Having committed to power all of its Australian operations with renewable energy by the end of 2025, retailer Woolworths Group has added another supermarket to its solar network with a 100kW PV array installed atop the roof of Woolworths Conder in the Australian Capital Territory.
Woolworths said in a statement the system, comprising 222 solar panels spread across a 500 square metre area, has the capacity to generate more than 145MWh of renewable energy each year – the equivalent to more than 25 Australian households’ annual electricity consumption.
Woolworths Green Energy Transition general manager Michael Shelley said the solar expansion will aid the group’s transition to 100% green electricity by 2025, supplementing the electricity provided to the retailer through partnerships with renewable energy companies.
“In recent years we’ve been on a mission to roll out solar panels on supermarkets across the country,” he said. “We’re committed to doing our bit to bring about a better tomorrow.”
The Canberra store is the 150th Woolworths supermarket now generating energy from solar power. The retailer said it has an established solar network on supermarket rooftops that totals almost 80,000 panels, generating enough electricity to power 6,300 Australian households. It also has installed rooftop solar across more than 20 other properties, including distribution centres.
The network offsets an average of 13% of the energy consumption of the stores it’s installed on, boosting the group’s efforts to cut total emissions by 63% by 2030.
While the solar program is aiding Woolworths’ ambition to source 100% renewable energy by 2025, the group is continuing to sign supply agreements with large-scale wind and solar developers, having recently announced its operations in South Australia will be powered entirely by renewables from July this year after it signed a power purchase agreement (PPA) with the Australian arm of Spanish energy group Iberdrola.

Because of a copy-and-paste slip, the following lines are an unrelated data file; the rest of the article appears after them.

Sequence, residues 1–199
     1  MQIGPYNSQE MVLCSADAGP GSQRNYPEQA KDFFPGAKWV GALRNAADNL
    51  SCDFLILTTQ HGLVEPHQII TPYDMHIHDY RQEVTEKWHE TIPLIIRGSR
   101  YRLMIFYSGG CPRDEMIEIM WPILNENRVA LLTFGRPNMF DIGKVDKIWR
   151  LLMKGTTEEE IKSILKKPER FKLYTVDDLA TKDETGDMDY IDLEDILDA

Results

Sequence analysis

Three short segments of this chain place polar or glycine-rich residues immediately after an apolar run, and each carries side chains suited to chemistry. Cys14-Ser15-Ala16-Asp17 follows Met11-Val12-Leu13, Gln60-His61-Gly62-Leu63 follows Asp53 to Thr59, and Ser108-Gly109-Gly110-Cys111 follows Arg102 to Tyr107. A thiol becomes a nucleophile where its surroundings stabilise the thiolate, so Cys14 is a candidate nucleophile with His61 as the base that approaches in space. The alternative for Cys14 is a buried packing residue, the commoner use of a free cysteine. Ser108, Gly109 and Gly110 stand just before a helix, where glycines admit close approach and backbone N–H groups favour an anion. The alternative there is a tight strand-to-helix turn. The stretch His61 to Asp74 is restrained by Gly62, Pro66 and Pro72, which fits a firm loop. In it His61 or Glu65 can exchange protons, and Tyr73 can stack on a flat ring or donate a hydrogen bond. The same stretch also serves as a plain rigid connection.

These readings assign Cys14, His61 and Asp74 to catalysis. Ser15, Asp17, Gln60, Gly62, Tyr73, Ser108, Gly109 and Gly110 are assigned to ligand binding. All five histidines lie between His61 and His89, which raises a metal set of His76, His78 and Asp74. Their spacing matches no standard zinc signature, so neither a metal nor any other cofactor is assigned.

Under the new energy partnership, from July Woolworths will source renewable electricity from Iberdrola Australia’s newly developed Port Augusta Renewable Energy Park, where 210MW of wind with 107MW of solar will work in tandem to supply approximately 100GWh of renewable electricity per year on the retailer’s behalf.
Woolworths chief executive officer Brad Banducci said the scheme is aimed to drive down Woolworths’ carbon footprint.
“South Australia will be the first state where every one of our sites are powered by green energy,” he said. “South Australia has helped lead the transition to renewable energy in Australia, combining solar, wind and batteries to enable us to make this leap forward in our mission to be powered entirely by renewable sources by 2025.”
Woolworths also announced that from July it will begin drawing on additional green energy from the 224MW Bango Wind Farm in the New South Wales (NSW) Southern Tablelands under a partnership with CWP Renewables that will provide enough renewable energy to power more than 100 supermarkets.
Woolworths has signed a 10-year agreement with CWP Renewables with the power purchase agreement (PPA) to cover about 30% of Woolworths’ NSW energy needs.
Woolworths said it will gradually replace non-renewable energy contracts in other states across Australia by 2025.
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